Mass sexual assault in downtown Cairo

Posted on October 29, 2006

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On the first two days of Eid in Cairo, a mob of hundreds of men swept through downtown attacking and sexually assaulting random girls in an animalistic display that must boggle every mind. Apparently, the utter lack of basic decency, respect for women, or the rule of law was not confined to Ramadan alone – in fact, Ramadan appears to have been the only thing suppressing the baser instincts of these men. I feel sick at heart, and may never spend time downtown again, as it seems we women are actively in danger there. Will Cairo one day be like Mogadishu, where every woman is raped before she turns 16?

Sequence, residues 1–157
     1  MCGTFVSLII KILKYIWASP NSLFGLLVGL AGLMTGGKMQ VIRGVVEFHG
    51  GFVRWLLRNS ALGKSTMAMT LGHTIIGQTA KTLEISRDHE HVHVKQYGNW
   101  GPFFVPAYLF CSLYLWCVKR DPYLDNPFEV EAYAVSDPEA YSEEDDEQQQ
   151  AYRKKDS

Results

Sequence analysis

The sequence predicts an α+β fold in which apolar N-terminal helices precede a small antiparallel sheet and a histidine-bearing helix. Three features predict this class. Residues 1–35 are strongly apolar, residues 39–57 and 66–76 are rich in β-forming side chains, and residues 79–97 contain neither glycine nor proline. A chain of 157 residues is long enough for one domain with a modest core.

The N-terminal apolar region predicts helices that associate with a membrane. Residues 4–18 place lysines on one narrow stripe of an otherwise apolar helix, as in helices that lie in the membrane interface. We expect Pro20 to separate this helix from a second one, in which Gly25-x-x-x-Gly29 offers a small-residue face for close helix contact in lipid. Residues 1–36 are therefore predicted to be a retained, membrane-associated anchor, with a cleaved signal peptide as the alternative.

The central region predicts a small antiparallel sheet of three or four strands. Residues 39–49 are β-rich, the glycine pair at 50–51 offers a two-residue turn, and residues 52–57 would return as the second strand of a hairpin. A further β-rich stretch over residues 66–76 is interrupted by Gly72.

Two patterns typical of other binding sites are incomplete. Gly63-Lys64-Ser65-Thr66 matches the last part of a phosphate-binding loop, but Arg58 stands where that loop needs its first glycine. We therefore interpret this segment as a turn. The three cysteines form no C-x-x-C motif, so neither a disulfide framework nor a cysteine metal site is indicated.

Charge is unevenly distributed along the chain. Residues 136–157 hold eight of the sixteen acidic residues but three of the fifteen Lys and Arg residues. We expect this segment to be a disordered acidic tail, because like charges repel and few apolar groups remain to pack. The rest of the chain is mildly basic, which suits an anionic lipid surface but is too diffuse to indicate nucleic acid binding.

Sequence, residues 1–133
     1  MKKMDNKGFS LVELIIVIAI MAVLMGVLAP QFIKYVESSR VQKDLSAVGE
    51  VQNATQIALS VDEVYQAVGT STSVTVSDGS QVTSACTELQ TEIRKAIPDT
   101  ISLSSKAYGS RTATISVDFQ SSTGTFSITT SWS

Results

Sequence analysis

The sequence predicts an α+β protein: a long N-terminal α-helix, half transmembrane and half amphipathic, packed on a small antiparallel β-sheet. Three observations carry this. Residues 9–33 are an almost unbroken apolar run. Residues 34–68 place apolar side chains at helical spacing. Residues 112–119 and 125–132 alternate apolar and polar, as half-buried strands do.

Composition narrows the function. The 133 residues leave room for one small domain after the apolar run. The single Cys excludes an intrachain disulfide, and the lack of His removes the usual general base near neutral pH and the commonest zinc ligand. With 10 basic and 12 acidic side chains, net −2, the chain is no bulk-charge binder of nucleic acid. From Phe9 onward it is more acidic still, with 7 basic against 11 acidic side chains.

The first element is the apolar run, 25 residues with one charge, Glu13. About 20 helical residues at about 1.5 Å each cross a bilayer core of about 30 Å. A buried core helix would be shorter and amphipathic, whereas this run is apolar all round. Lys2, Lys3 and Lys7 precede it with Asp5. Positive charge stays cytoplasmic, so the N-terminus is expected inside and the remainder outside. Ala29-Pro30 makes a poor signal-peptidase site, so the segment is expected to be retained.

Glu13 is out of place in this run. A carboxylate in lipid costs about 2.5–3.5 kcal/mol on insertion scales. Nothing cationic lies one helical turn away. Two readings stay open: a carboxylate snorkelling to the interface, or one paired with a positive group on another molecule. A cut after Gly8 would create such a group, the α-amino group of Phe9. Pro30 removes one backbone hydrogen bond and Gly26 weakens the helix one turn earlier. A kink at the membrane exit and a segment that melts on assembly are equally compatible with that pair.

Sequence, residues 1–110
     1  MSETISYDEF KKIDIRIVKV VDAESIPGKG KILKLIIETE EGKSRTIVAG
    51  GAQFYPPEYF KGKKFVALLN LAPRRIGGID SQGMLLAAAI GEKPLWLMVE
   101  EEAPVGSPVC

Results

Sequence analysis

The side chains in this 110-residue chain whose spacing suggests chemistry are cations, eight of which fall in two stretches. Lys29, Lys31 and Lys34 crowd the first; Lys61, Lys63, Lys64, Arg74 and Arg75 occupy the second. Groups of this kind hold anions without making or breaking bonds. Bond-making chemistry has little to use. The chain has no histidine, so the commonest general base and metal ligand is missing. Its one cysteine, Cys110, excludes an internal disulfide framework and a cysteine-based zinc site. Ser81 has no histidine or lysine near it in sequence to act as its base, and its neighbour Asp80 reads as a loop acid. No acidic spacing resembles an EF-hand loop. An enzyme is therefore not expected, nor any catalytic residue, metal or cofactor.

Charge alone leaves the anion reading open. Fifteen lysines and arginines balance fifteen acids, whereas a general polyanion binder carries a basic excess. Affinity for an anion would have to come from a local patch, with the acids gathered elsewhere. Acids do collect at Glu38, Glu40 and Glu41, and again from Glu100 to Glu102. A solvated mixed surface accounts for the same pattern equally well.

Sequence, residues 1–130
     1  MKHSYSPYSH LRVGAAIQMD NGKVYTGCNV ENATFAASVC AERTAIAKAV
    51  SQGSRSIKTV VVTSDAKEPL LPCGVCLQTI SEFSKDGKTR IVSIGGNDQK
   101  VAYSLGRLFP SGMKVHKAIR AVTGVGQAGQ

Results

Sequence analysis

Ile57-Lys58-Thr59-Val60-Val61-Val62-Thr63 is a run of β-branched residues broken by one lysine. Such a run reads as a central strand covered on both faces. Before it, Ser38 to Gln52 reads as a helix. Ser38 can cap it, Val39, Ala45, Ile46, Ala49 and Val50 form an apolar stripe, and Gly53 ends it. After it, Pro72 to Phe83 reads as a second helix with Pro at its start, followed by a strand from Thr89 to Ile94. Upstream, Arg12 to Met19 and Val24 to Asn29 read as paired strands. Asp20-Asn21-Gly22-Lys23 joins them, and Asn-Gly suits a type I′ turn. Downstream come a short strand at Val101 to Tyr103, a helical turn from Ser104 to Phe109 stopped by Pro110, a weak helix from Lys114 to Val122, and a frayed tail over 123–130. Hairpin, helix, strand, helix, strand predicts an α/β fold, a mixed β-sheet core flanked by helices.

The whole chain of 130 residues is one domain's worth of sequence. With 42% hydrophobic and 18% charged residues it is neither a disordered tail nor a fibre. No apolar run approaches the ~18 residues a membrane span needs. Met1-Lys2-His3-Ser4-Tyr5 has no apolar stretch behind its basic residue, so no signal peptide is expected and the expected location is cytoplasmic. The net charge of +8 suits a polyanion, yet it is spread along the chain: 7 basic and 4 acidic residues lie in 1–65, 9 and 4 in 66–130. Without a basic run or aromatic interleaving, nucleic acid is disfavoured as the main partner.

Who to blame? I’ll go with law enforcement. I was assigned an article once that said that a rape takes place every three minutes in North America alone; God knows what the number is worldwide. Many rapes are not reported. It is safe to say that is it futile to rail against dangerous male misconceptions of sex, and women, and consent – it doesn’t seem to have worked before. Most men – especially in deeply patriarchal societies like this one – don’t actually believe that no means no, or they don’t care. The only thing that can prevent sexual assault is fear of consequences, a fear that is entirely absent in Egypt. Socially, people don’t give a shit – it’s the woman’s fault, she led him on, look what she was wearing – and apparently frustrated hormones serve as a complete defense to any crime. But Egypt’s criminal code provides for numerous avenues of protection against assault, sexual harassment, and even unpleasant language. However, these felonies are rarely prosecuted and even more rarely reported to the authorities. A woman must have witnesses or physical evidence to even file a charge. Same old, I guess. It’ll be a few decades before they realize that credibility is usually the only evidence any decision maker has in any case, and that rape should be no different. Of course, in this case, witnesses and physical evidence were plentiful, but nothing will happen. I’m also of the opinion that if pre-marital sex were easily feasible, forget socially permitted, there would be less pent-up frustration, or at least men would know women, which I feel would go far towards promoting respect. But then, who creates the laws that curtail privacy rights? Who are the people that segregate Egyptian society and condemn women who have extra-marital sex? Men. Men who then turn around and place the blame for their policy choices on women. Why should we have to pay the price for social/legal codes not of our making? People who have religious reasons for abstention from pre-marital sex will abstain regardless of whether police will come knocking on their door, but the law should have no place in the bedrooms of the nation, and a hymen is not the same as a character reference.